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Caesar

Set HB09

German Army in Stalingrad

Click for larger image
All figures are supplied unpainted    (Numbers of each pose in brackets)
Stats
Date Released 2014
Contents 19 figures
Poses 8 poses
Material Plastic (Medium Consistency)
Colours Grey
Average Height 23.5 mm (= 1.7 m)

Review

Stalingrad was one of the colossal battles of World War II, and of all history. The losses on both sides were horrific, but from the German point of view the worst came around the 23rd November 1942, when the Sixth Army was cut off in the city, after which the strengthening Red Army combined with the onset of the Russian winter to eventually force surrender. Pictures of those last few desperate weeks in wintry conditions have become the most recognisable images of the whole battle, and that is clearly the inspiration for this, the latest in a long line of WWII German sets from Caesar.

We will start with the more obvious observations. You only get eight poses in this box, which is not unusual across the hobby but is unusual from Caesar. Just as importantly, you get less than 20 figures in total, which is certainly not what we have come to expect from this major producer. The sculpting certainly is what we would expect, for all the figures are very nice indeed, with all the detail you could ask for and very good proportions and clothing. Some of the weapons lack definition, however, and there are some small areas of excess plastic between bodies and weapons, while a small amount of flash in some places means these are not quite the perfect mould Caesar usually deliver. Nevertheless these can certainly be described as very good sculpts.

All the men wear greatcoats, and either helmet or field cap. Most also wear their regulation tube-like woollen balaclava, but none have the various items of warm winter clothing and special camouflage garments that appeared later in the war. One man has managed to obtain a warm-looking cap, perhaps taken from a Soviet prisoner or civilian, but none of these men look really well wrapped up against the cold, which is good. One very particular feature of five of the eight poses is some sort of overall which they wear over their greatcoat. This item has slits right up both sides and short sleeves, and simply matches nothing ever issued to German troops at this time. Our suspicion is that this is supposed to be depicting the common habit of many soldiers to take sheets and wear them to provide at least a little camouflage in the snowy environment, but if so then the sculptor has not understood what they are, for no soldier ever took the time to stitch neat sleeves to these improvised garments. On some of the figures this is not obvious, so Caesar have got away with it, but on others, particularly the surrendering man, it just looks ridiculous.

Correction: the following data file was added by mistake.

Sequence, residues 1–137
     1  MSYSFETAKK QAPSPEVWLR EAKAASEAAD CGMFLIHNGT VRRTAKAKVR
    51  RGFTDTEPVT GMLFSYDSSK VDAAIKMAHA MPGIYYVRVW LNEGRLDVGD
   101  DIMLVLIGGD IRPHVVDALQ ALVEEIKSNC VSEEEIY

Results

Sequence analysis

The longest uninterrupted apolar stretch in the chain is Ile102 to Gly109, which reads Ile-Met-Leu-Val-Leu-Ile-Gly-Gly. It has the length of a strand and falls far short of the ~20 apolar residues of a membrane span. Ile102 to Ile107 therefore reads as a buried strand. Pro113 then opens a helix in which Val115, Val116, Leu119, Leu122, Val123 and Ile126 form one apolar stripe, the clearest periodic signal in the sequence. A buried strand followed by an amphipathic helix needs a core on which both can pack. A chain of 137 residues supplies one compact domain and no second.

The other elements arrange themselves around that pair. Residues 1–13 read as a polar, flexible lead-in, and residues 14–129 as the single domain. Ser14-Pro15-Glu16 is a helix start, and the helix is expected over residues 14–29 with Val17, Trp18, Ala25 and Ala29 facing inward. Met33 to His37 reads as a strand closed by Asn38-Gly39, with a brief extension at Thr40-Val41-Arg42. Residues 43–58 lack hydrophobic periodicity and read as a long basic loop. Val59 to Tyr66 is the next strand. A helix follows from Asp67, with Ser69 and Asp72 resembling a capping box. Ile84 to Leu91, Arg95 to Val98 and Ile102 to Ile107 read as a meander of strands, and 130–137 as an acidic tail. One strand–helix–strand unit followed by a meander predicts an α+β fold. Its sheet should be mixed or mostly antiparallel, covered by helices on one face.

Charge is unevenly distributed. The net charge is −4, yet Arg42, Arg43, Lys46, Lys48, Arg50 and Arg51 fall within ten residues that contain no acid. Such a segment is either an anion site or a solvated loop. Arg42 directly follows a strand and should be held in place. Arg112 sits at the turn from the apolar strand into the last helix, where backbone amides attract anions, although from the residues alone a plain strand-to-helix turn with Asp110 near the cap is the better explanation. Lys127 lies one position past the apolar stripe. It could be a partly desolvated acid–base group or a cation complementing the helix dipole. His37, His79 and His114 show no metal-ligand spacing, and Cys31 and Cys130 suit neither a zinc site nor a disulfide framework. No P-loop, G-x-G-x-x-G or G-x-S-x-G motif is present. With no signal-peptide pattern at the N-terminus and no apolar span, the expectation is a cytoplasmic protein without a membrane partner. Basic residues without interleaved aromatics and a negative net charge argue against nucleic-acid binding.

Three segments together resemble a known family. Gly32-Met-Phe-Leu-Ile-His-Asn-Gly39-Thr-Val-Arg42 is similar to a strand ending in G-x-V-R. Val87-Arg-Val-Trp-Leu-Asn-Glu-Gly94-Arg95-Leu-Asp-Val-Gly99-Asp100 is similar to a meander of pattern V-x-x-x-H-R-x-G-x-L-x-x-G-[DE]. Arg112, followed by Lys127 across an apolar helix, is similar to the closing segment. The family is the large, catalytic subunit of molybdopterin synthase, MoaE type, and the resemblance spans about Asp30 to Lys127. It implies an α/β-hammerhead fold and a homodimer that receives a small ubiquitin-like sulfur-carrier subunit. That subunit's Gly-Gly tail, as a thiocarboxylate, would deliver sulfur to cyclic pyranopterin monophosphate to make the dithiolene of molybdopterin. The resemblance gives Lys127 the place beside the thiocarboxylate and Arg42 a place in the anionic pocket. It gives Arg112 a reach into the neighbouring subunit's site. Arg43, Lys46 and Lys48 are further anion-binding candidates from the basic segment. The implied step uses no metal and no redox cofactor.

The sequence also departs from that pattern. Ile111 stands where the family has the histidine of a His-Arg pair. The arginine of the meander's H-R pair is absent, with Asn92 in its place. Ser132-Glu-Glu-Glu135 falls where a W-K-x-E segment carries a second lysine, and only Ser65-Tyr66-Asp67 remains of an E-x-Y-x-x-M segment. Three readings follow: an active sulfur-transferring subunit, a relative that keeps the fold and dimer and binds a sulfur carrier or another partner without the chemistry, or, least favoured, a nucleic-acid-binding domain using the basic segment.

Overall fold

The various items of equipment these men have on their person all looks reasonable, as do the weapons. Two of the men have had the good fortune to get their hands on Soviet PPSh 41 submachine guns, but as far as we can tell the rest are standard German models, although as we have said detail is quite poor on some of these. One man carries a concentrated charge, but there are no heavy or support weapons in this little set.

The poses are all perfectly acceptable, but there is nothing here that seems to suggest the vicious urban combat that characterised much of the fighting in the final weeks. We would have liked to have seen men crouching, prone, taking cover and generally trying to keep out of the firing line, especially when it was often hard to be sure where the enemy were. Battles for tractor factories may not have been the whole story of Stalingrad, but with plenty of 'upright' German soldiers already available we were hoping for something a bit more distinctive here - we were disappointed.

We usually don't comment of box artwork as it is the contents that interest us, not the container, but in this case the box seems thoroughly divorced from the contents. It shows a machine gun, which is not included, and it shows a collection of poses which are exactly what we would have liked to have seen. OK, so these men are defending the airfield rather than in house-to-house fighting, but they all look like they are under fire, and would work equally well in some destroyed city environment. This set then could have been so much more, and not just in the sense that it could have contained more figures. The failure to understand the bed sheets is frankly lazy, but otherwise these are accurate and reasonably well done sculpts. However more could have been done to convey the feeling of the fight for Stalingrad, so in many ways this is an opportunity missed.


Ratings

Historical Accuracy 9
Pose Quality 7
Pose Number 5
Sculpting 9
Mould 8

Further Reading
Books
"German Combat Equipments 1939-45" - Osprey (Men-at-Arms Series No.234) - Gordon Rottman - 9780850459524
"German Infantryman (2) Eastern Front 1941-43" - Osprey (Warrior Series No.76) - David Westwood - 9781841766119
"German Infantryman (3) Eastern Front 1943-45" - Osprey (Warrior Series No.93) - David Westwood - 9781841767802
"German Soldiers of World War II" - Histoire & Collections - Jean de Lagarde - 9782915239355
"Stalingrad 1942" - Osprey (Campaign Series No.184) - Peter Antill - 9781846030284
"The German Army 1939-45 (3) Eastern Front 1941-43" - Osprey (Men-at-Arms Series No.326) - Nigel Thomas - 9781855327955

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